The building of a sense of intimacy is what makes us susceptible to the requests for money that come in a romance scam. At a certain point, this intimacy becomes overarching of our rational reasoning. I wanted to explore this concept more and how it works in scams.
See also my earlier blog on Taking the Brain, about the ‘tipping point’ of intimacy that a scammer aims for, where they know they have full control over their victim.
We have heard the warning “Don’t give money to someone you haven’t met!” And yet those of us who have been caught in a scam do give money. Why? Because despite not meeting them in person, we have conversed with them frequently and often, and a level of intimacy has been developed. We therefore step over the warning, thinking it does not apply in our specific circumstance. “This could not be a scam”, we say to ourselves, because scams are not so intimate as I am experiencing. How has this level of intimacy been developed? I know now this is a result of emotional manipulation…. what I found when I explored this was:
From Wikipedia: I have selected extracts which fit and illuminate what I think are the key elements at work in scams, and left the links and footnotes within the quotes in the text. These links are also worth looking at further if you are so inclined.
Psychological manipulation is a type of social influence that aims to change the behavior or perception of others through abusive, deceptive, or underhanded tactics. By advancing the interests of the manipulator, often at another’s expense, such methods could be considered exploitative, abusive, devious, and deceptive. …. The process of manipulation involves bringing an unknowing victim under the domination of the manipulator, often using deception, and using the victim to serve their own purposes.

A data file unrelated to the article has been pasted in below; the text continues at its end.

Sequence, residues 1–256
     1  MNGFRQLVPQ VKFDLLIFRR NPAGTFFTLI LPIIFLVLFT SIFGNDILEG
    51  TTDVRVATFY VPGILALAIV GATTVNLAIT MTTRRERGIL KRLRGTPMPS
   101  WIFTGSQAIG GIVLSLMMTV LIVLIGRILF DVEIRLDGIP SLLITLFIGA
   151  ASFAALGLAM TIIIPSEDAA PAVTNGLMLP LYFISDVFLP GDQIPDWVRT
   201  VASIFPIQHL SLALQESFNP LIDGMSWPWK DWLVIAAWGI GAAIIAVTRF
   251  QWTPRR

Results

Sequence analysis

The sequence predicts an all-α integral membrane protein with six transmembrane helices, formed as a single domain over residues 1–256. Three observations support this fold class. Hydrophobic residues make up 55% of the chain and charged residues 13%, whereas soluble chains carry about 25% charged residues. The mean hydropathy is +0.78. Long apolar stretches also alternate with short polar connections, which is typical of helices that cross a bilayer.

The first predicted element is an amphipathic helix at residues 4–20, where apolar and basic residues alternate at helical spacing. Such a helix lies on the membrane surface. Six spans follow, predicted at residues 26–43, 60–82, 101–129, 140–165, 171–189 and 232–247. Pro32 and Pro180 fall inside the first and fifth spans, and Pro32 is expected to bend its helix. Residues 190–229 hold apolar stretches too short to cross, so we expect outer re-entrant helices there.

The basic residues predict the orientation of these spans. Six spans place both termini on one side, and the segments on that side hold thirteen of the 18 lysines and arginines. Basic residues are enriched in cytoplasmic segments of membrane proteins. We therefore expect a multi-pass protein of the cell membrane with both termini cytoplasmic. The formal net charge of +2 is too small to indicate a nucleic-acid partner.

Techniques of manipulation:
Simon (Simon, George K (1996). In Sheep’s Clothing: Understanding and Dealing with Manipulative People. ISBN 978-1935166306. This is the reference for the entire Wikipedia section on Psychological Manipulation) identified the following manipulative techniques (I have selected these from an extensive list):
Lying: It is hard to tell if somebody is lying at the time they do it, although often the truth may be apparent later when it is too late. One way to minimize the chances of being lied to is to understand that some personality types (particularly psychopaths) are experts at the art of lying and cheating, doing it frequently, and often in subtle ways.
Seduction: Manipulator uses charm, praise, flattery or overtly supporting others in order to get them to lower their defenses and give their trust and loyalty to him or her. They will also offer help with the intent to gain trust and access to an unsuspecting victim they have charmed.
Unidentified lying and seduction are the keys to creating a sense of intimacy that is so powerful that it can easily be abused by the fraudster of a romance scam. We need more education in the fact that it is hard to tell if someone is lying, especially in internet interactions. More from Wikipedia on seduction:
Seduction, seen negatively, involves temptation and enticement, often sexual in nature, to lead someone astray into a behavioral choice they would not have made if they were not in a state of sexual arousal.
From my experience, not only was there the emotional ‘arousal’ of manipulated romantic love, but there was sexual arousal as well, and this was encouraged and enhanced through cyber-sex. No wonder that we are lead into “a behavioural choice” that we would not have made if we were not in this state. I have often talked about myself as ‘not being in control’ during the scam, and now I understand more fully why.
A friend has often commented to me about my lack of understanding of and protection of my boundaries during the scam, so I followed the link about one of the vulnerabilities that may exist in victims: “emotional dependency – victim has a submissive or dependent personality. The more emotionally dependent the victim is, the more vulnerable he or she is to being exploited and manipulated.” I found the following section on Enmeshed romantic relationship on the Co-dependency page most pertinent: